The linear part 21, as previously described, performs a linear treatment corresponding to propagation of sound waves by parameters fed from the parameter table 22, so that a feedback signal FR returns to the non-linear part NL.
The non-linear part NL subtracts the breath press signal PRES from the feedback signal FR at a subtracter A4, and then outputs the subtraction result to the low-pass filter L and the table controller TC2. At the low-pass filter L the high component of the signal is attenuated and outputted to the adder A3.
The non-linear part NL, arranged as a whole to simulate the reed characteristics of a saxophone, starts vibration in compliance with the feedback signal, the embouchure signal EMBS, and the breath pressure signal PRES reflected via the linear part 21. The principle of vibration itself is the same as in FIGS. 8 and 9, its description being omitted.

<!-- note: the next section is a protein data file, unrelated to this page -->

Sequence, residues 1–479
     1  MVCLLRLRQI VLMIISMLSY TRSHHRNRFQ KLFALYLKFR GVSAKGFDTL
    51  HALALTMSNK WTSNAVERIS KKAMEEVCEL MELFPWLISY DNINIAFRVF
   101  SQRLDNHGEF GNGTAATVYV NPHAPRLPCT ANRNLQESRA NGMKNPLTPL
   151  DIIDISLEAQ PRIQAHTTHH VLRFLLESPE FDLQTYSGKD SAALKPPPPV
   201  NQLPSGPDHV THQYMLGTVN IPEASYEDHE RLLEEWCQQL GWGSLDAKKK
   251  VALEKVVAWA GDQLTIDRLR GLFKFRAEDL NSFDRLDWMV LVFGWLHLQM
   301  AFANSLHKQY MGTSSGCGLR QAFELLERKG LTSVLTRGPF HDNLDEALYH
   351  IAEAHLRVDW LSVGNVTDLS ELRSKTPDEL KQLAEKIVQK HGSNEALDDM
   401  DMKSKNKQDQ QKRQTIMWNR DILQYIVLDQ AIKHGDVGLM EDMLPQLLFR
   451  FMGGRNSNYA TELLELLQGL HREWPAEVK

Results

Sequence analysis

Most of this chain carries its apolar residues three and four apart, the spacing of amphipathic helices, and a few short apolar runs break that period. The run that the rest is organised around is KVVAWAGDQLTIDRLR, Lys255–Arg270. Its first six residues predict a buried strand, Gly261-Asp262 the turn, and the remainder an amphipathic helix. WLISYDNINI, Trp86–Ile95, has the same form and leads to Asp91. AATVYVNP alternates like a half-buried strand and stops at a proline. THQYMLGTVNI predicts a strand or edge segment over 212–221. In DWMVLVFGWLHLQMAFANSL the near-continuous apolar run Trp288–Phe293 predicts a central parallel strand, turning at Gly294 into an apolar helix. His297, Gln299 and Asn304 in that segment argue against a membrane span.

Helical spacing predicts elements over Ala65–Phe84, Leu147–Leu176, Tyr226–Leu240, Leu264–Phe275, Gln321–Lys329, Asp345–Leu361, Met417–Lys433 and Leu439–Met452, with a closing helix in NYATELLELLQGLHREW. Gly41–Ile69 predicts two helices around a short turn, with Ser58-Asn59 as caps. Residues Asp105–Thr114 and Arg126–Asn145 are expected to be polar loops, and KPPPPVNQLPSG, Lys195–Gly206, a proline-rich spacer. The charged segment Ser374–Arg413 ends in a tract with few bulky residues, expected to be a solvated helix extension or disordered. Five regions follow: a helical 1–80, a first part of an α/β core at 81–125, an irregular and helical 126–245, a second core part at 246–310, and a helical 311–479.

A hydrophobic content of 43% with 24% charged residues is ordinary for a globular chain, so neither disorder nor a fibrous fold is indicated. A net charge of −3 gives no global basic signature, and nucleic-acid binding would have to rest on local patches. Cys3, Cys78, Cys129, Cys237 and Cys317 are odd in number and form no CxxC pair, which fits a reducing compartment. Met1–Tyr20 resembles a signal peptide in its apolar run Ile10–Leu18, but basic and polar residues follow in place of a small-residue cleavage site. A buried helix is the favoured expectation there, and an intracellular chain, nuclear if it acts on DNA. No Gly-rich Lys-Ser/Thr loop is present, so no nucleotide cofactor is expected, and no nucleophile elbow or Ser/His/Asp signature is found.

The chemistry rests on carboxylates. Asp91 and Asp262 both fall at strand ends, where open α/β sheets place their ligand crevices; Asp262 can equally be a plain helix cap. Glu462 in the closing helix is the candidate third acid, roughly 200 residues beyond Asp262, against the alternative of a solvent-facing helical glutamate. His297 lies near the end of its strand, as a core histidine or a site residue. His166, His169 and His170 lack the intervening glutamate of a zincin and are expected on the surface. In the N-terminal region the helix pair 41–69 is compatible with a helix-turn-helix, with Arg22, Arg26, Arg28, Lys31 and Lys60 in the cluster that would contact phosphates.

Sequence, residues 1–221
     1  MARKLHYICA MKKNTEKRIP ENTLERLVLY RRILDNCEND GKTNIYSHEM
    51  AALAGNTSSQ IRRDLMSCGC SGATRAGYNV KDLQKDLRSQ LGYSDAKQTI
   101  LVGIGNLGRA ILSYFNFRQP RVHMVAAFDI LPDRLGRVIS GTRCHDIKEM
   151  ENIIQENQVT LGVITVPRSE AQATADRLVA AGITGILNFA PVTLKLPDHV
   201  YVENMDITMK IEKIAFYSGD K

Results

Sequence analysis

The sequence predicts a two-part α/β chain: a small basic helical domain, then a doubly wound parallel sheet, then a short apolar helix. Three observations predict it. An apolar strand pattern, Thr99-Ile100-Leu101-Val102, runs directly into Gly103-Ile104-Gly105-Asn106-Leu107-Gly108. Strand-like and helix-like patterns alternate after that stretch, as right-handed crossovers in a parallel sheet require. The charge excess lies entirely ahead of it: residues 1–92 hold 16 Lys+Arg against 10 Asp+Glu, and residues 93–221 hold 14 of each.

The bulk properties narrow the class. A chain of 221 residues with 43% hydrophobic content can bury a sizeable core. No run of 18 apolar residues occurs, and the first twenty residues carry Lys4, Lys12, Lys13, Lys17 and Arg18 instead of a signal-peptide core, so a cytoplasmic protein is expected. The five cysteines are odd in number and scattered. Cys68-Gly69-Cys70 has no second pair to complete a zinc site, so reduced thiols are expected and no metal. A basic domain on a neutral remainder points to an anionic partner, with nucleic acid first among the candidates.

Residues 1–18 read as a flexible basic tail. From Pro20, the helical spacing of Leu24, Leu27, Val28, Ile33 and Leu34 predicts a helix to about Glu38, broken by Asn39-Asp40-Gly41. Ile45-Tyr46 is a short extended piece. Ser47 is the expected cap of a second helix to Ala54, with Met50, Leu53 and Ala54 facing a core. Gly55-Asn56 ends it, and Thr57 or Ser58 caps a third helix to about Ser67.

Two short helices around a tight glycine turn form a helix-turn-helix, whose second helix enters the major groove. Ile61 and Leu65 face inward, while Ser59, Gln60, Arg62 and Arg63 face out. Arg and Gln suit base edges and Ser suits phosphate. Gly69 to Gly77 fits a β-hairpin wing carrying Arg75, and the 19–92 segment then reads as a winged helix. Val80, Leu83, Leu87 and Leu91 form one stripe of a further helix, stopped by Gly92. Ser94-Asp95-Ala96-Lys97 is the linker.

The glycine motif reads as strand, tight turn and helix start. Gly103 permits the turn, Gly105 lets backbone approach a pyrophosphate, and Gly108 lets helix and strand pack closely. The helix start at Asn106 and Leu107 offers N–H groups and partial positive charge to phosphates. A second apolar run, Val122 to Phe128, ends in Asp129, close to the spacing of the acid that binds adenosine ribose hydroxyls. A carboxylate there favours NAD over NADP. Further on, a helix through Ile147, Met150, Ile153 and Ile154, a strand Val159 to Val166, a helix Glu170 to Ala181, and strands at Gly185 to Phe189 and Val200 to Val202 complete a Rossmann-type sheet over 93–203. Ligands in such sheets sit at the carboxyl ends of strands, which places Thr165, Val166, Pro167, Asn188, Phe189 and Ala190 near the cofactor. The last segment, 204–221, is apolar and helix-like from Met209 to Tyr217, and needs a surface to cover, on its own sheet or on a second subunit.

According to the third embodiment as described above, since the table data part of the non-linear table is separated from the electronic musical instrument body as cartridge memory removable therefrom, it is possible to prepare a variety of cartridge memories with various and subtle changes in their non-linear conversion characteristics, to thereby realize differences in tones due to various types of non-linear conversion by replacing the cartridge, as is the case when the player of a saxophone exchanges among various mouthpieces and reeds for trial playing so as to accomplish the player's desired tone. In other words, the instrument characteristic (i.e. tuning characteristic) that the player desires can be achieved in similar manner as the tuning of a saxophone is carried out by replacing the mouthpiece, thus allowing a simulation of playing situation more approximated to that by natural musical instruments.
Although the cartridge 23 and the cartridge 24 are provided independently of each other in the above-described third embodiment, it is also possible to join the two into one cartridge.